Tuning the Apache Server: Getting the Most Out of Your httpd

fortunabrontideInternet and Web Development

Nov 13, 2013 (3 years and 11 months ago)

97 views

Tuning the Apache Server: Getting the Most Out of Your httpd

Chris Uriarte <chrisjur@cju.com>
-

December 1999


Tuning the Apache Server: Getting the Most Out of Your httpd

Chris Uriarte <chrisjur@cju.com>


The first line of the
Apache Perfomance Notes

(
http://www.apache.org/docs/misc/perf
-
tuning.html
) says it
all:
“Apache is a general web server, which is designed to be correct first, and fast second”
. Far too
often have I come across busy Apache web environments that to use “out of the box” configurations. I
usually ask this question to sys
tem admins and MIS managers:


Question:

“When you install a copy of Solaris or Windows NT Server, do you assume that it’s secure and
tweaked for optimum performance right out of the box?”.


Typical Answer:

“Of course not.”


Well, then why should Apache b
e any different? In an environment that revolves around the web server,
like a corporate intranet or a web
-
hosting network, administrators should give as much attention to tuning
their web server as they do the operating system it runs on. In this paper
, we’ll examine some of the tricks
and tips you can take advantage of to get the most out of Apache.


Before we get into details, it may be helpful to give a simple overview of how Apache works. Apache's
startup method is know as the "pre
-
fork" model, sin
ce it spawns, or forks, a pool of child processes when it
starts up (the term fork is taken from the UNIX system call, fork(), that is used to create identical child
processes of a specific program). If the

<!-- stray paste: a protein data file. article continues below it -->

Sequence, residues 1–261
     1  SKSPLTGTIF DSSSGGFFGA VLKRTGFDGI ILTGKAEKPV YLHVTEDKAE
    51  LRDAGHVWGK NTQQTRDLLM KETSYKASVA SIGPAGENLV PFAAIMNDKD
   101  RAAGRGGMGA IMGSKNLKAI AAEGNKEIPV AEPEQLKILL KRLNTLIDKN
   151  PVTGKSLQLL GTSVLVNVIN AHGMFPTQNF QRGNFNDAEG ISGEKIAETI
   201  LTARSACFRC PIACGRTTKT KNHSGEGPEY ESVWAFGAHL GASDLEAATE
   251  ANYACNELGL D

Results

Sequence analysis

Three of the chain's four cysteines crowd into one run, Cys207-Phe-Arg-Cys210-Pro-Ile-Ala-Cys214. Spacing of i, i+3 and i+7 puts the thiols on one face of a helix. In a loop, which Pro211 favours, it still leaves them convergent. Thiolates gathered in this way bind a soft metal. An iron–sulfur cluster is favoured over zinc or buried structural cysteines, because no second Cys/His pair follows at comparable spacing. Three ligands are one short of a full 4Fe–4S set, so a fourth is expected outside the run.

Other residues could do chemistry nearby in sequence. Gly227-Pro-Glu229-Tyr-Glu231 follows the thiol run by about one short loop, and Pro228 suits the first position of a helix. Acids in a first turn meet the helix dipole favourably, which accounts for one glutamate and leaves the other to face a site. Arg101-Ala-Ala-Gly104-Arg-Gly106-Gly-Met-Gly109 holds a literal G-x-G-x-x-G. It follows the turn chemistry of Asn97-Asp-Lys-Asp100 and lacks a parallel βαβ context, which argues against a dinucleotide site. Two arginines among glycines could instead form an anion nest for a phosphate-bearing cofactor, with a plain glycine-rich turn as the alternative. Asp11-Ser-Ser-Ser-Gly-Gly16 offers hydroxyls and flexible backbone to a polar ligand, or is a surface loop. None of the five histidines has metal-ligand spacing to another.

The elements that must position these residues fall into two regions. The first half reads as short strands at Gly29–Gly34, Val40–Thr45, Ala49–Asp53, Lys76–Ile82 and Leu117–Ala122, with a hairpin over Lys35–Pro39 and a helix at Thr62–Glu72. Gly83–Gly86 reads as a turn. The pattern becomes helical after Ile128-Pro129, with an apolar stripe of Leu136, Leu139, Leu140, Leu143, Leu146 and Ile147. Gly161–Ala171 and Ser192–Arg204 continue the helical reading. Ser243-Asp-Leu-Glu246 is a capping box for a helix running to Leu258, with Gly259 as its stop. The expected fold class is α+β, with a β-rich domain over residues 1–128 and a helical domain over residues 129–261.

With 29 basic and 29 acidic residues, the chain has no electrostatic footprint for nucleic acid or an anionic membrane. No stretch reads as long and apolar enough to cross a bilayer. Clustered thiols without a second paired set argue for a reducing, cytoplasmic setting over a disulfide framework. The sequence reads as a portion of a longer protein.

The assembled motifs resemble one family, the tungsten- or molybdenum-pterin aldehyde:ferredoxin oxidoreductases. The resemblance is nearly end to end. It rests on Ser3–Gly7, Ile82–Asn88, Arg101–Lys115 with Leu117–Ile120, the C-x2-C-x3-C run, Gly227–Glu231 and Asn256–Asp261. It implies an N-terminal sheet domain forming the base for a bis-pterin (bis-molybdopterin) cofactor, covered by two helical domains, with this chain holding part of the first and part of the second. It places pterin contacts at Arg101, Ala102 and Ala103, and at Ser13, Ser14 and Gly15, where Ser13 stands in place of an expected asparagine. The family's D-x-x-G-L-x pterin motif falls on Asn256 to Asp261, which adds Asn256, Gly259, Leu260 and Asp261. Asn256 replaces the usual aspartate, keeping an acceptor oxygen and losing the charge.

StartServers
directive in your httpd.conf file i
s set to 10,
Apache will create 10 child processes upon startup. Each child process is used to handle simultaneous
client connections to your website. If you have more simultaneous connections than child processes
running, Apache will spawn additional ch
ild servers as needed, up to a limit that you can specify via the
MaxClients
directive in your httpd.conf. It is important to realize that the more "forking" a server has
to do, the greater performance hit the server takes, which is why we create spare
servers, or children, upon
startup. It’s also important to realize that the more child servers you have activated, the more memory
Apache eats up. We're going to address how this model requires some tweaking to get the maximum
performance out of your Apa
che server.


Start With Your Hardware

It’s no secret that if you want your applications on your workstation to run faster and more efficiently, the
quickest and most effective solution is to upgrade your RAM. People are often wrongly concerned with the

speed of their processor, rather than the amount of RAM they have. After all, if you have a Pentium III
processor running at 500 MHz, but only have 32 Megs or RAM, your applications are going to slow down
very quickly. The same concept applies to Apac
he


if you don’t have enough RAM, its performance is
going to quickly take a nosedive. When your UNIX system runs out of physical RAM, it starts to utilize
the system’s swap space. The more and more swap space your system uses, the slower Apache will
pe
rform. Your overall goal should be to eliminate swapping all together. You can accomplish this in a
couple of ways.